22 Jun

Be Still and Know

The Psalmist encourages his readers to heed God’s call to “be still and know that I am God.” What does it look like to be still? How do we know? We live in a world and culture that encourages a fast pace. In an age of smart phones and social media, there is a constant temptation to stop what we are doing to check. Check our e-mail. Check our Facebook feed. Check that last text message. If you take a moment to look at a day in your life, you may notice that even when you are sitting still, your mind is going a thousand miles per hour.


Fast pace or Be still?

This pace may be supported by the belief that doing more, faster, equals better. But does doing more increase well-being, or meaning in life, or effectiveness? I have often seen how a fast paced life and fast paced mind corresponds with problems sleeping, increased fatigue, anxiety, depression, or an inability to take part in the wonderful yet mundane things in life. However, often even if a person tried to slow down the mind, they would find that their mind still races on at its own pace with or without permission. So, even if we wanted to, how can we be still?

Mindfulness, which has foundations in both Buddhist and early Christian traditions, is one path to slowing down, to being still and knowing. Mindfulness is a practice, a dedication to notice the present moment and pay attention to it without pushing or clinging. If you are breathing, notice your breath as it goes in and as it goes out. If you are eating, notice the taste, the smell, the texture of your food. And if your mind wanders off, don’t judge yourself and say you’ve failed at mindfulness. Simply turn your attention back to the task at hand; notice again what you are doing.


Is mindfulness really that easy?

Could it really be that simple? Our problems are so complex – could taking time to stop and notice our breathing really make a difference in our lives? While mindfulness won’t solve your problems in life, it may just free up some of the energy that is spent on mental ruminating, worrying about possibilities, or punishing ourselves for past mistakes. I see mindfulness as a fundamental for wellness. Just as practicing basic multiplication facts prepares a child to eventually tackle calculus, so practicing mindfulness prepares a person to manage the complex realities of life. Even more, if you practice stopping and noticing, you may just find that there are some really wonderful things that you are missing.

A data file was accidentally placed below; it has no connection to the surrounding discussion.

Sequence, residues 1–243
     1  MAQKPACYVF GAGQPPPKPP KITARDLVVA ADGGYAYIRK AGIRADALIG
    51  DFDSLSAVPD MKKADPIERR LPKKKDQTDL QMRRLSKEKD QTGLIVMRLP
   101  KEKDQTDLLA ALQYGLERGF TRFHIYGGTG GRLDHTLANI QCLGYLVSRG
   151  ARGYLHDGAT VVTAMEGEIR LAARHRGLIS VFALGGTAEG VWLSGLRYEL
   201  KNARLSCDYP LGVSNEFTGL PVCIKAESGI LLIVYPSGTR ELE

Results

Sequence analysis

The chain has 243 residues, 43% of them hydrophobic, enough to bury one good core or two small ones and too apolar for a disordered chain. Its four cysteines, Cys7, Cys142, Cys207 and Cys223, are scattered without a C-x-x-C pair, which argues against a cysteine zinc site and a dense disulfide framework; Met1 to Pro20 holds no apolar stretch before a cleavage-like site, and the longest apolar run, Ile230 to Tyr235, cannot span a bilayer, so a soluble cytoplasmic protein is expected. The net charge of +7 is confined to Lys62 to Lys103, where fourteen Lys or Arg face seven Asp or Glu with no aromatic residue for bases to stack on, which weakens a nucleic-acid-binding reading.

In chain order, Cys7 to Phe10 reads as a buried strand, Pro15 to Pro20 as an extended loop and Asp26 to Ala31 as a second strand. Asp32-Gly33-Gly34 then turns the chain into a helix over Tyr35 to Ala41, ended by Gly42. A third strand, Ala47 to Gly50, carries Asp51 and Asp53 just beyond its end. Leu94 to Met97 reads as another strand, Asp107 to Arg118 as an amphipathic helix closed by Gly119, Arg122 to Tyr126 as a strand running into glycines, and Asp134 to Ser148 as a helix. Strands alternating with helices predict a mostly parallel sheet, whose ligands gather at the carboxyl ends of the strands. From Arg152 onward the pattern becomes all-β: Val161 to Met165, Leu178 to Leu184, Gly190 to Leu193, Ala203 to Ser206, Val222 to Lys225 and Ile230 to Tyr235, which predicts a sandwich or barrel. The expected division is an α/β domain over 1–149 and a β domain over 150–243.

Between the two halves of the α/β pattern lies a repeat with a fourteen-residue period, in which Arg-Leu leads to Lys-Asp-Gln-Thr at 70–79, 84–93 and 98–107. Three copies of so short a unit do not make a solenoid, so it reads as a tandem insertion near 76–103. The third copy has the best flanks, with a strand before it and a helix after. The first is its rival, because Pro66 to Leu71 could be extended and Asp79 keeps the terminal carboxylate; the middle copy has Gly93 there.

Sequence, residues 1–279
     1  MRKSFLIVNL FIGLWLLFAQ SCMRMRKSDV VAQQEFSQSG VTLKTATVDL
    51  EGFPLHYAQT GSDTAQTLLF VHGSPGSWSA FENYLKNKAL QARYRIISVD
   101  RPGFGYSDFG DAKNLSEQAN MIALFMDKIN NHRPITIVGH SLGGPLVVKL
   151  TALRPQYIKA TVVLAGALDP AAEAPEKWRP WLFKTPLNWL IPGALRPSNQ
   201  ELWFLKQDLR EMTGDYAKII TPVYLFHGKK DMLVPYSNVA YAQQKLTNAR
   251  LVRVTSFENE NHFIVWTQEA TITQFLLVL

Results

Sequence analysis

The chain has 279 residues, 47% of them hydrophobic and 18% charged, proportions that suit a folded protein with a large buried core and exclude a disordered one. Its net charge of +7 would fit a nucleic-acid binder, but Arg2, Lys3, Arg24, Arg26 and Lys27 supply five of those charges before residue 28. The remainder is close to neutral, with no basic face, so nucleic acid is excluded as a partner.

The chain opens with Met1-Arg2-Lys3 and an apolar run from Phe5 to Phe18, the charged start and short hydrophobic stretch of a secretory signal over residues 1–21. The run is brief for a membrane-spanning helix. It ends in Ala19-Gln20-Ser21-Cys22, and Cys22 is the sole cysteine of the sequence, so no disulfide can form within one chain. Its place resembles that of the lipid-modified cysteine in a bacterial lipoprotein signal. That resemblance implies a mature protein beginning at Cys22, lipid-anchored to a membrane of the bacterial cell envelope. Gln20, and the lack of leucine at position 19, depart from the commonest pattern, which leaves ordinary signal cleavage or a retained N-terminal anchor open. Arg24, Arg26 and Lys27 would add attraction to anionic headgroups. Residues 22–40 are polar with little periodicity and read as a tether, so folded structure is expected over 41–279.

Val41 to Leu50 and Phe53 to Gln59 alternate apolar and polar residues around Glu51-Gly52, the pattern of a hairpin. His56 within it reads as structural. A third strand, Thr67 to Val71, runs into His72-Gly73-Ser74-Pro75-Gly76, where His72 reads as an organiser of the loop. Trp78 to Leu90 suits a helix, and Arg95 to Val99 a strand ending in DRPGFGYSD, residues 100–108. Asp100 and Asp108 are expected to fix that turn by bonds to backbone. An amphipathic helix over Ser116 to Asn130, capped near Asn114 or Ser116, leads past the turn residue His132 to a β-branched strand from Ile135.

I was driving home in traffic the other day and was obsessing about how much time I was wasting sitting in traffic, thinking about all of the things I could be getting done. Then, as is my practice, I stopped to notice and be mindful. I looked up and saw something beautiful. The mountains of Colorado are in front of me every day. On this particular day the mountains were lit up behind storm clouds. The contrast was stark and stunning. The colors were vibrant and clear. I noticed beauty in that moment and smiled. I realized I was missing a wonderful moment in life because my mind was running mindlessly.


Take the time – be still

I encourage you to take time to practice – to be still and to know. Notice the beauty around you. Notice the people around you. Notice your breath. Notice the task at hand. You may find that by stopping and being still, by knowing, you feel more at peace, and you free up energy to deal with the tasks in front of you.

If you’d like more information and help in practicing mindfulness, or you want support in slowing down an anxious, fast paced life and mind, feel free to contact me at Grace Counseling. I would be glad to join you in your journey.

Rob Gibson is a psychologist with Grace Counseling, and brings his peaceful and caring demeanor into each session.  When you are ready to schedule your first appointment with him, call (720) 489-8555.


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